Under-funding forces UNHCR to cut back, refocus
We've issued a press release this morning on UNHCR's prioritisation and post review exercise aimed at refocusing our core activities, bringing down spending and improving our funding base.
You'll recall we announced earlier this year that the High Commissioner had called for steps to reconcile the considerable gap between our budget and our actual income - a problem we've experienced for the past few years. This year, for example, we had an approved budget of $954.9 million, but a projected income of around $810 million.
Like anyone, UNHCR has to set a realistic budget and live within its means. The best estimates for 2002 now show a budgetary target of $825 million, which is equivalent to the projected income for the year. Compared with this year's (2001) initial budget of $954.9 million, it represents a reduction of $130 million, or about 14 percent.
The High Commissioner notes in the press release that what we have done is painful but absolutely necessary to make UNHCR a better focused, leaner and ultimately a better funded organisation. Some of the savings require reductions in the number of posts and the scaling back of field operations. But considerable savings also stem from the long-planned phasing down of UNHCR's involvement in certain regions of the world, such as East Timor or the Balkans.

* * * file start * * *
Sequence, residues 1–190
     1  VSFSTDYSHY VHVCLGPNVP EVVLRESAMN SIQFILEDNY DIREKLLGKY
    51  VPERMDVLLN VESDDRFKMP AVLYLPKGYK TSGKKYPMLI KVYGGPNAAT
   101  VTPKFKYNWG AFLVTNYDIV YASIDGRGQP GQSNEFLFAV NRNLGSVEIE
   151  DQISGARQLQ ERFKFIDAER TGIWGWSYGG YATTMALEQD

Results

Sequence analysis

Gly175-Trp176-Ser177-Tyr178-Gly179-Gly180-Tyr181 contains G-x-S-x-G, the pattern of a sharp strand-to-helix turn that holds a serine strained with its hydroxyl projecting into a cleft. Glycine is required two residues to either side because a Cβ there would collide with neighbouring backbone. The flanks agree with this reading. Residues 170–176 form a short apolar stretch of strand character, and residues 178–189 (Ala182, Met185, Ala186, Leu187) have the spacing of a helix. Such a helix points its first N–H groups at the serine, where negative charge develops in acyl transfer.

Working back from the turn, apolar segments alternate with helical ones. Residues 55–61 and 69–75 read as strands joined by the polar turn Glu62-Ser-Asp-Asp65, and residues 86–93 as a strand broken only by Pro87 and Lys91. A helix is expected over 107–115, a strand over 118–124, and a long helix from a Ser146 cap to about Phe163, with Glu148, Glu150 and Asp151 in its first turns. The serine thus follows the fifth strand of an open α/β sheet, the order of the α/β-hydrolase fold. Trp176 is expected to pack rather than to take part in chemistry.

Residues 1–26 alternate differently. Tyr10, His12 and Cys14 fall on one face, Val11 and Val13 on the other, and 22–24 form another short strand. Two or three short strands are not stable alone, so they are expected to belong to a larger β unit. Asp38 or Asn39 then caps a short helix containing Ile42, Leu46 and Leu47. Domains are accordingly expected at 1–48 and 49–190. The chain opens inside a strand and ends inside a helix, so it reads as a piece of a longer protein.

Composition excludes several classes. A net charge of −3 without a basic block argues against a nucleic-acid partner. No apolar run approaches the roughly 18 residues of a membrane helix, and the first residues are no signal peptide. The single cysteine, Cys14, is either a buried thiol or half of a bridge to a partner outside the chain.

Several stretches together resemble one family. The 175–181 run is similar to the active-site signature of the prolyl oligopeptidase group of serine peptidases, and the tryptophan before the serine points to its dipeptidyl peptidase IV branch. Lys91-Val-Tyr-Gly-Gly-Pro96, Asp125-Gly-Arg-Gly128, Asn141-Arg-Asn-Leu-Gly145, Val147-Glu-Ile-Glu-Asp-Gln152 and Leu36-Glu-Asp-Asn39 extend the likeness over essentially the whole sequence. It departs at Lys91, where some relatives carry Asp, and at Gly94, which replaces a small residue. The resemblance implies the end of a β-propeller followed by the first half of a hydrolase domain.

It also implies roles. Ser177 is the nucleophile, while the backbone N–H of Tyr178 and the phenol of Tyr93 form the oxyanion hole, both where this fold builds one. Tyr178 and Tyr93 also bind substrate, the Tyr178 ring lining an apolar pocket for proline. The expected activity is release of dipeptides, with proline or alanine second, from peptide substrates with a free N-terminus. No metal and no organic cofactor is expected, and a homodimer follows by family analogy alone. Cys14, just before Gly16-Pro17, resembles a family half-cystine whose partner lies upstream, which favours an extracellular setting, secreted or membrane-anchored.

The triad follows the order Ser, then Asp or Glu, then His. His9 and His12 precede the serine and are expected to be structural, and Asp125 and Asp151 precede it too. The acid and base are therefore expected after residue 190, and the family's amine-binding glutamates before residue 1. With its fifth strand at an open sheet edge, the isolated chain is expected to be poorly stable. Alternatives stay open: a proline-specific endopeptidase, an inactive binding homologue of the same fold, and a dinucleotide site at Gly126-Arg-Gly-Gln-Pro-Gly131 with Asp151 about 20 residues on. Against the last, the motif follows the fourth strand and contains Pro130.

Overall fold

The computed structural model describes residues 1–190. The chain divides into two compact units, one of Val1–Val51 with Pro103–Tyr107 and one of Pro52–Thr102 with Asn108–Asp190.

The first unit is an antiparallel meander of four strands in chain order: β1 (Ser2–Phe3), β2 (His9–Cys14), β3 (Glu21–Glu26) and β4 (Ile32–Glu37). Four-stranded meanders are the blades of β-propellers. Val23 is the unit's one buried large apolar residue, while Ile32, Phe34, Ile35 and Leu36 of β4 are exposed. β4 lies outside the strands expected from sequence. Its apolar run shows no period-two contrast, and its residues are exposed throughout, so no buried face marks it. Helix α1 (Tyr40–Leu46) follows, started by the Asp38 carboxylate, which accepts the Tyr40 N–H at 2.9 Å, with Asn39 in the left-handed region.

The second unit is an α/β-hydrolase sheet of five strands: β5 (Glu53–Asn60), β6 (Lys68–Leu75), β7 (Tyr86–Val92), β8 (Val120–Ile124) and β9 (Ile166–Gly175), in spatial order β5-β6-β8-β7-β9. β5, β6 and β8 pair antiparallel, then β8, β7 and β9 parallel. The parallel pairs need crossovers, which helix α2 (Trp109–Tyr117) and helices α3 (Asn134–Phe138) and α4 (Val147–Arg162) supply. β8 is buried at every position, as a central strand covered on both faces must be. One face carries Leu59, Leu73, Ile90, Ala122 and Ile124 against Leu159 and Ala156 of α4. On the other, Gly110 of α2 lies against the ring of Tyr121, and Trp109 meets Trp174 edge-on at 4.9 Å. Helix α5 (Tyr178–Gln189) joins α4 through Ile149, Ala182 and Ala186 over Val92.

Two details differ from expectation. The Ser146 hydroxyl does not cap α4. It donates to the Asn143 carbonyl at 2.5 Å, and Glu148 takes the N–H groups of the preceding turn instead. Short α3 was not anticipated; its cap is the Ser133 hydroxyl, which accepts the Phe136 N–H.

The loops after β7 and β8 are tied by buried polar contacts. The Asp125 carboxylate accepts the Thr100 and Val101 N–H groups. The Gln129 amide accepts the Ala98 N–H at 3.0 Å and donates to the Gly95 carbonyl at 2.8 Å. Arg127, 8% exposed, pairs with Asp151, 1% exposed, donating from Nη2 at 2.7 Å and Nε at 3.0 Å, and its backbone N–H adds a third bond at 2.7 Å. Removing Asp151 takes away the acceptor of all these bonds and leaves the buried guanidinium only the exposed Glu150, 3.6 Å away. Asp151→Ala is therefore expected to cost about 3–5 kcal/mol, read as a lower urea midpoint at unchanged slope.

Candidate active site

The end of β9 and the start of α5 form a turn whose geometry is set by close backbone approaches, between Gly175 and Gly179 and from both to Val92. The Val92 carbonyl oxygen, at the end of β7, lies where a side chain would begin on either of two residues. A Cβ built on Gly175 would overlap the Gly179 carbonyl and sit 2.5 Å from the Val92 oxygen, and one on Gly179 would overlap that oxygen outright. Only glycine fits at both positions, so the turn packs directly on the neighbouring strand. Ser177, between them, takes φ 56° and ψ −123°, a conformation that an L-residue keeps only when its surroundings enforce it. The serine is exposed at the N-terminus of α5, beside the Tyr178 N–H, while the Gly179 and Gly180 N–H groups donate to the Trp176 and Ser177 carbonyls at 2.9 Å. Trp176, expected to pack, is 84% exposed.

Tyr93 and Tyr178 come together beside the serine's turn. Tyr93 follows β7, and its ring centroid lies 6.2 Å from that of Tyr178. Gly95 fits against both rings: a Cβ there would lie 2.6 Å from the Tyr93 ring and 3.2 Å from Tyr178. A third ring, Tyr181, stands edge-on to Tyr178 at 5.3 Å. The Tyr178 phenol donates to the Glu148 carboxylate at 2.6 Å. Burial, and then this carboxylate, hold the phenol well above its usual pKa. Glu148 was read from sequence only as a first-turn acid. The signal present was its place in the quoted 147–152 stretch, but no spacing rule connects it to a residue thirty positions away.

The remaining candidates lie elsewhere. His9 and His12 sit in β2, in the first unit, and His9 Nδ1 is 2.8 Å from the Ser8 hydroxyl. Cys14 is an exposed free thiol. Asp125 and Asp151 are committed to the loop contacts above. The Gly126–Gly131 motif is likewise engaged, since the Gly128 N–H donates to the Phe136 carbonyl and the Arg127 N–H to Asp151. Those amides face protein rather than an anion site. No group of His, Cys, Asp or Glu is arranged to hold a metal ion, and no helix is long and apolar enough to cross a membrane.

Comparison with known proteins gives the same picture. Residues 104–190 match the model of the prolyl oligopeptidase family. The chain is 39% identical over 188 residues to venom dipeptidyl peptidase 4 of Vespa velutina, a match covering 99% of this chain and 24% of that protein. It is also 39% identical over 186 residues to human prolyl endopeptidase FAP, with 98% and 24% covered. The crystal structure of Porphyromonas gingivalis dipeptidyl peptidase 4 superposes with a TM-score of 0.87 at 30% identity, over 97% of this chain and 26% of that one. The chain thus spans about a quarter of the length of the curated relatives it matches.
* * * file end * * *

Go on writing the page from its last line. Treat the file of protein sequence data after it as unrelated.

Under the plan, the overall number of UNHCR posts is expected to go down from 4,828 today to 4,065 by the end of next year. The net result is the abolishment of 939 posts, offset by the creation of 174 new posts in areas vital for UNHCR's operations. While every effort will be made to place UNHCR staff whose posts are being cut, a substantial number of UNHCR workers are expected to leave the organisation. UNHCR is currently looking at various options, such as early retirement and voluntary separation plans, to soften the impact of the belt-tightening exercise.
One vital part of the plan in the mid-term is to improve the funding of UNHCR's programmes. UNHCR's annual budget has been approved each year by the agency's 57-nation Executive Committee. But approval of the budget did not necessarily mean that the very same governments would come up with the funds. Indeed, over the last few years UNHCR has endured annual shortfalls.